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Robert Gould Shaw and the 54th Massachusetts Regiment

1883 - 1897

Augustus Saint-Gaudens

Photo: Detail of Individual Soldiers

Shaw and the 54th
In 1861 at the start of the Civil War, the US Army prohibited enlistment by blacks. Yet, many Massachusetts blacks wanted to join the Union's efforts. Their desire was supported by a strong local abolitionist movement. After Massachusetts Governor, John Andrew pressed this issue to the war department which allowed blacks to join as enlisted men, but not officers.

Photo: Shaw Memorial, Boston

Some of Massachusetts' most prominent young men volunteered to lead the Massachusetts 54th colored regiment. Governor Andrew offered the command to twenty-six year old Robert Gould Shaw, the only son of Sarah and Francis Shaw. Harvard educated and raised at 44 Beacon St, Shaw was already a veteran of Antietam and Cedar Ridge.

Abolitionist leader, Fredrick Douglas, called for recruits and sent his own sons Lewis and Charles as well. When the enlistees learned they would be paid less than white soldiers, they forwent compensation until they were recognized on equal terms.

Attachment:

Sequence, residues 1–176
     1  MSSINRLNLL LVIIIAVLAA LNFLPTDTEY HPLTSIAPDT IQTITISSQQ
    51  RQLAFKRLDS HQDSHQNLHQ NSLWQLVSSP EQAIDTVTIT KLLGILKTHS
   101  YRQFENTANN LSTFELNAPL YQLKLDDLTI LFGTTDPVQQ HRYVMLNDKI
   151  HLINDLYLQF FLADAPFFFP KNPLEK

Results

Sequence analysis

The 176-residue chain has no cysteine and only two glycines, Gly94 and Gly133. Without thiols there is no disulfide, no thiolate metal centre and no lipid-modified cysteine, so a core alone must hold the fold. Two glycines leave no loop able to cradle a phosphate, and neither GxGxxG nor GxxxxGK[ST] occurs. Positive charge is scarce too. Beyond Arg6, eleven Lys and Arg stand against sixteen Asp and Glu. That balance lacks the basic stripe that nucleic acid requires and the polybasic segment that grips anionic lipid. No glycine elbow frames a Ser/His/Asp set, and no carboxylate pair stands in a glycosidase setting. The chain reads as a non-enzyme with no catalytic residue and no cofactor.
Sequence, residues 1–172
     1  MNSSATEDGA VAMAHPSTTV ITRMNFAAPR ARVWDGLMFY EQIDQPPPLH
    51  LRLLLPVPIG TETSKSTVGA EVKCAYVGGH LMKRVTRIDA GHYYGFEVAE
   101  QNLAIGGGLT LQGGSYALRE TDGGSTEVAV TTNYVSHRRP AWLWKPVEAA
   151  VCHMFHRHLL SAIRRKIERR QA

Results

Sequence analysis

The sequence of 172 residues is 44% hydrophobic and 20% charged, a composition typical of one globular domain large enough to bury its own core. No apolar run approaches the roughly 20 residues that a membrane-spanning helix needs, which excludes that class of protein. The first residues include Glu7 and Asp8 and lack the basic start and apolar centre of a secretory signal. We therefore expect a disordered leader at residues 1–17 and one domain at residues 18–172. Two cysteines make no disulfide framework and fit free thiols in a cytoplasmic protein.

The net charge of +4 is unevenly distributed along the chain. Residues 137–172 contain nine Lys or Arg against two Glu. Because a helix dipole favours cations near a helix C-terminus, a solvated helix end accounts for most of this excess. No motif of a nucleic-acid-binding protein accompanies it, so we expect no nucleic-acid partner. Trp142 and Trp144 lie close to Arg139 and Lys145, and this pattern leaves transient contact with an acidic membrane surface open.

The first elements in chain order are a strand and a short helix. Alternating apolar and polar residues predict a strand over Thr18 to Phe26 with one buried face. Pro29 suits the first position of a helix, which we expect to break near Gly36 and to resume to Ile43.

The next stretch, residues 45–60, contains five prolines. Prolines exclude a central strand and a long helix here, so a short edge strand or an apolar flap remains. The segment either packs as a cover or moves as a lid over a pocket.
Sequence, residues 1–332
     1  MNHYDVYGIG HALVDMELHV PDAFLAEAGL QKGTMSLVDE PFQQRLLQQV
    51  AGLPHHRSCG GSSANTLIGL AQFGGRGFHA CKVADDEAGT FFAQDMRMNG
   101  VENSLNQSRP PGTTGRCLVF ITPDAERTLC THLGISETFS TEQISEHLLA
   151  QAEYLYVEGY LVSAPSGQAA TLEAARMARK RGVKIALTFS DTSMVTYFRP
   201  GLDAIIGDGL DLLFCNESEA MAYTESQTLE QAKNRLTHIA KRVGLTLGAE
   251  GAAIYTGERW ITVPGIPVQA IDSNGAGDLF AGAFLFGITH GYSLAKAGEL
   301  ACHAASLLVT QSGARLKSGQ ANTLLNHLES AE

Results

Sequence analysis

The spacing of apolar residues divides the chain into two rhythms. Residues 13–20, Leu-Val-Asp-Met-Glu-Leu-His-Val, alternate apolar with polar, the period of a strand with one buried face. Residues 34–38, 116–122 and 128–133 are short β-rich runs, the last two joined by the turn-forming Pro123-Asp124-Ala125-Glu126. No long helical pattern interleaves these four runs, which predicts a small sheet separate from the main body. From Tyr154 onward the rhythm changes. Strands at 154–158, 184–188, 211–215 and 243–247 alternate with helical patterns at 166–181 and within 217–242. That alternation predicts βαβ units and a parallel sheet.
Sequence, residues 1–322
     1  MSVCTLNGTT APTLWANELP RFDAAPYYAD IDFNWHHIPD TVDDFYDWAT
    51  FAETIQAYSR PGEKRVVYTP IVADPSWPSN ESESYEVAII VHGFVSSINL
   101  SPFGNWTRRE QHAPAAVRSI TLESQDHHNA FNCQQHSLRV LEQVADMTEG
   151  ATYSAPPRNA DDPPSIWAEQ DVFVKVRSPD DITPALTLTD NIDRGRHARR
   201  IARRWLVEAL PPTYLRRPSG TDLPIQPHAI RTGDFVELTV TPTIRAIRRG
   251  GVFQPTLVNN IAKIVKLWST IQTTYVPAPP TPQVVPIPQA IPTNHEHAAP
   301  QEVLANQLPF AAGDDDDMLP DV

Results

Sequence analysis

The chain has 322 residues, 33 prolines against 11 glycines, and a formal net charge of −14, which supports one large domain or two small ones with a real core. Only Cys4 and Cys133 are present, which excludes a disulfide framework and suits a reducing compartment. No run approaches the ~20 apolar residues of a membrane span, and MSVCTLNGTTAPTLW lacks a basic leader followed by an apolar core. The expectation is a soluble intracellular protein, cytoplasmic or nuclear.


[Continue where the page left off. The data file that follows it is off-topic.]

On July 18th, 1863, the 54th was chosen to lead the Union's attack on Fort Wagner, SC. This was a critical battle, in which the union found its self unexpectedly outnumbered two to one. Of the 600 men in the 54th which charged Fort Wagner, 272 were killed, wounded, or captured.
Shaw died with his troops was buried in a mass grave by Confederate soldiers.

180,000 black men enlisted and joined the Union in battle. Lincoln later credited this support as critical to extending the Union's effort. This further added to the moral cause of the North, making the 54th regiment an embodiment of the promise of the freed black community.

When the commander of Fort Wagner offered to exhume and return Shaw's body to his family in Boston, they declined, so he might lay with his troops.

The Artist
Photo Augustus Saint-GaudensAmong the preeminent sculptors of the 19th Century, Augustus Saint-Gaudens, grew up a young immigrant in the City of New York . He studied sculpture in Italy. A master of bas relief, Saint-Gaudens designed coins for us treasury. Considered his greatest work, the monument took 14 years. Dedicated Memorial Day, 1897 it was an instant success.

This is considered the first prominent work of art in which a white artist portrayed Black in sympathetic and personal terms. St. Gaudens modeled more than 40 heads based on human models, projecting the individual dignity of troop members.

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